Age, Biography and Wiki
D. I. Antoniou was born on 1906, is a poet. Discover D. I. Antoniou's Biography, Age, Height, Physical Stats, Dating/Affairs, Family and career updates. Learn How rich is He in this year and how He spends money? Also learn how He earned most of networth at the age of 88 years old?
|Age||88 years old|
|Date of death||1994|
We recommend you to check the complete list of Famous People born on 1906. He is a member of famous poet with the age 88 years old group.
D. I. Antoniou Height, Weight & Measurements
At 88 years old, D. I. Antoniou height not available right now. We will update D. I. Antoniou's Height, weight, Body Measurements, Eye Color, Hair Color, Shoe & Dress size soon as possible.
|Body Measurements||Not Available|
|Eye Color||Not Available|
|Hair Color||Not Available|
Dating & Relationship status
He is currently single. He is not dating anyone. We don't have much information about He's past relationship and any previous engaged. According to our Database, He has no children.
D. I. Antoniou Net Worth
His net worth has been growing significantly in 2022-2023. So, how much is D. I. Antoniou worth at the age of 88 years old? D. I. Antoniou’s income source is mostly from being a successful poet. He is from . We have estimated D. I. Antoniou's net worth , money, salary, income, and assets.
|Net Worth in 2023||$1 Million - $5 Million|
|Salary in 2023||Under Review|
|Net Worth in 2022||Pending|
|Salary in 2022||Under Review|
|Source of Income||poet|
D. I. Antoniou Social Network
Antoniou published more of his poetry in the periodical Angloelliniki Epitheorisi (Greek: Αγγλοελληνική Επιθεώρηση) in 1954. He published two more collections in 1972: Hai Kai (Greek: Χάι-Κάι) and Tanka (Greek: Τάνκα). The latter won the First State Prize for Poetry.
His writing generally consisted of short poems that appeared in press only sporadically. An exception to this was his long poem Indies (Greek: Ινδίες), which consisted of 1,040 verses. Antoniou started writing this in late 1933, whilst he was on the Peleus, visiting villages in the Bay of Bengal. He resorts to exotic imagery, telling about an encounter with a civilisation that he considered to be "primitive". He continued working on this poem through the years, and the last part is a homage to Peleus, which was sunk by the German navy in 1944. Friar notes that with his exploration of these incidents over time, Antoniou's act of remembrance itself lends itself to a distinction that is "impossible to translate adequately into English: that between hronos, time as a finite entity, and keros, the fluidity of time without past, present or future". His obituary in Nea Estia notes that Antoniou's exotic imagery contrasts with another seafaring Greek poet, Nikos Kavadias, in that his verse includes more of a "contemplation, humanity and meaning" regarding the experience of being at sea or constantly travelling, thus adding a layer beyond the façade of the exotic imagery. The book Indies was published in 1967 and won the Second State Prize for Poetry.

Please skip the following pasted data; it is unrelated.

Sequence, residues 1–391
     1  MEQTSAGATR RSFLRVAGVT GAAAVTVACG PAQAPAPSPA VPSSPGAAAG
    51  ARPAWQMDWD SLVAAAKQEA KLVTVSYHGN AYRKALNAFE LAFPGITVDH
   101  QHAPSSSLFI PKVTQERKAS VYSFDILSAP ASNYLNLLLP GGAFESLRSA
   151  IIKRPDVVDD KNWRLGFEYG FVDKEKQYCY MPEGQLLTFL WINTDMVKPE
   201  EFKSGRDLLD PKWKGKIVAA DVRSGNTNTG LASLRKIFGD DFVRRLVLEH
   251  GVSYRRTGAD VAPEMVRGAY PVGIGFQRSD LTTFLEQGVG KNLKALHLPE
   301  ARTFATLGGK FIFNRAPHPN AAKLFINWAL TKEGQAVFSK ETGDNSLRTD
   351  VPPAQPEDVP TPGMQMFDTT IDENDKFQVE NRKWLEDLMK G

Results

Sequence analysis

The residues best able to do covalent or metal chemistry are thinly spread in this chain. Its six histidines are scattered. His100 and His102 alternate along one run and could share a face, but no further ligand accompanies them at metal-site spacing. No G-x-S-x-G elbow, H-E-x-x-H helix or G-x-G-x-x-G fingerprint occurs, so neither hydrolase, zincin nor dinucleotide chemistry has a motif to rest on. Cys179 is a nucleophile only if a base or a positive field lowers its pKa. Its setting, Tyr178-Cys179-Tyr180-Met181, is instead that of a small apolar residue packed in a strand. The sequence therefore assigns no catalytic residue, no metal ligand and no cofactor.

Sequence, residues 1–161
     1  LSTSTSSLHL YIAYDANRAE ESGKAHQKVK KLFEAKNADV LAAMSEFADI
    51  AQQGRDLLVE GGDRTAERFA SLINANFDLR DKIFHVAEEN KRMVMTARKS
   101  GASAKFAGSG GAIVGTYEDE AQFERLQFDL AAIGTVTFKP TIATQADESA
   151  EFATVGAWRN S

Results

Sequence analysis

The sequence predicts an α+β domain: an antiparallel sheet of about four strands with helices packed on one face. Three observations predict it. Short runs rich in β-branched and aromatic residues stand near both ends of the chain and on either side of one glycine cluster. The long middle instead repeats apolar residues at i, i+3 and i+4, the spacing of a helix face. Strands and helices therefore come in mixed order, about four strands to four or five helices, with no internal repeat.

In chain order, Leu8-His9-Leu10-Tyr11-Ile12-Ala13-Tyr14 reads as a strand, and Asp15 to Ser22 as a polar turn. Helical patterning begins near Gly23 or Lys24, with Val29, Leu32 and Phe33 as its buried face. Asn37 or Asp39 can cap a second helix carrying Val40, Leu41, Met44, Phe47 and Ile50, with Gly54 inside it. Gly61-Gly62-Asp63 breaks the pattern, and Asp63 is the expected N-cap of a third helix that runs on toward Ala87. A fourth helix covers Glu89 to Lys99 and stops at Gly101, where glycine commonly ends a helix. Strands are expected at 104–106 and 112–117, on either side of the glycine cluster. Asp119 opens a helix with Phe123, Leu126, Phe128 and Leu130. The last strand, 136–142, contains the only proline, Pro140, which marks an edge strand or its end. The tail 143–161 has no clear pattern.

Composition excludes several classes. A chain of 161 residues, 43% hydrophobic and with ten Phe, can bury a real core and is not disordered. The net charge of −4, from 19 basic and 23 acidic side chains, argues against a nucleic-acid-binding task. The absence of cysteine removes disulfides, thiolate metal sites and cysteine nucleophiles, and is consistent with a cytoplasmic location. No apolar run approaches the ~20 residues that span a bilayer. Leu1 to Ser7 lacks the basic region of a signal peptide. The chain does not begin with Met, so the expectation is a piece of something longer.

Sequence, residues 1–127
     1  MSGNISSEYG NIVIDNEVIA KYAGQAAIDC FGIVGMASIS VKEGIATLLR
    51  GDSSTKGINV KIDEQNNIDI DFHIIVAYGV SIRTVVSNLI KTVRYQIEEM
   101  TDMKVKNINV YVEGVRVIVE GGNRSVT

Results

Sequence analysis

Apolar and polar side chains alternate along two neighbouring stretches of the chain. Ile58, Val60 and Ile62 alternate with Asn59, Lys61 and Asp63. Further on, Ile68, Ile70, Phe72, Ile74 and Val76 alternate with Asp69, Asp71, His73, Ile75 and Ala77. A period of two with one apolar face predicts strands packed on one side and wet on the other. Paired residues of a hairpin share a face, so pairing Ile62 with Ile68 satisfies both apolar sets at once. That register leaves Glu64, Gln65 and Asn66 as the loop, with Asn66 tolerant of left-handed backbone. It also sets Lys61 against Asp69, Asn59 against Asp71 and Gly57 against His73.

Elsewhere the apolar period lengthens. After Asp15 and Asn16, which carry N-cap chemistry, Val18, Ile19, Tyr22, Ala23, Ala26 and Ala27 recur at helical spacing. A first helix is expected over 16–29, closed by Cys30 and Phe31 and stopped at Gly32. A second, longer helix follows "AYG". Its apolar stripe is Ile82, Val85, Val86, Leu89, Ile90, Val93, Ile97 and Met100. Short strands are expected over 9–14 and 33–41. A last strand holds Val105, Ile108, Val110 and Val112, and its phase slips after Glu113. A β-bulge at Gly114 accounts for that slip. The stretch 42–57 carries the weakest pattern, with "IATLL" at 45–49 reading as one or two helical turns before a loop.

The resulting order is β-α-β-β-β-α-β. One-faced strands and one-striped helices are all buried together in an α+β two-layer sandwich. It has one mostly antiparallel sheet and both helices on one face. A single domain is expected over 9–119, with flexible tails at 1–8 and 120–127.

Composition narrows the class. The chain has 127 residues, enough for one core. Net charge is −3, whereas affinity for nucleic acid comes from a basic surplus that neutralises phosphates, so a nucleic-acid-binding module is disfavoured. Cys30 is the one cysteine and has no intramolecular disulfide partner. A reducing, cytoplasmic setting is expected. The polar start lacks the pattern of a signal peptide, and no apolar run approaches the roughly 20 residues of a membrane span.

His first published poetry appeared in the journal Pnoi in 1929. He was influenced by the New Athenian School of Kostis Palamas to write in demotic Greek, what Kimon Friar calls "pure demotic style as though written in shorthand". He became one of the poets known as the Generation of the '30s, along with poets such as Giorgos Seferis and Odysseas Elytis. Friar, however, notes that Antoniou appeared to have "his own voice", without subscribing to any school of literature. His poems appeared in Ta Nea Grammata between 1936 and 1939. These were reprinted in the book Poems (Greek: Ποιήματα) in 1939, which was well received by figures such as Seferis, Andreas Karantonis and Konstantinos Tsatsos.
Dimitrios Antoniou, better known by his pen name D. I. Antoniou (Greek: Δ.Ι. Αντωνίου; 1906–1994) was a Greek poet.
Antoniou hailed from a seafaring family that traced their origins to the island of Kasos, and he was born in 1906 whilst his family was based in Beira, Mozambique. After spending his childhood in Suez and early education in Athens, he enrolled at the University of Athens, where he formally studied philosophy but also received informal training on a variety of subjects of interest, including music, which influenced his poetry in later years. Deciding to follow his family's traditions, he dropped out of university in 1928 and started a seafaring career, rising up the ranks in merchant ships. He served as a second officer on the ship Peleus during the 1930s and during the German invasion of Greece, he was a reserve officer at the destroyer Keios. After the war he returned to commercial seafaring and eventually became a captain. Other ships in which he served included the Achilleis and the Agamemnon. He retired from his seafaring career in 1968.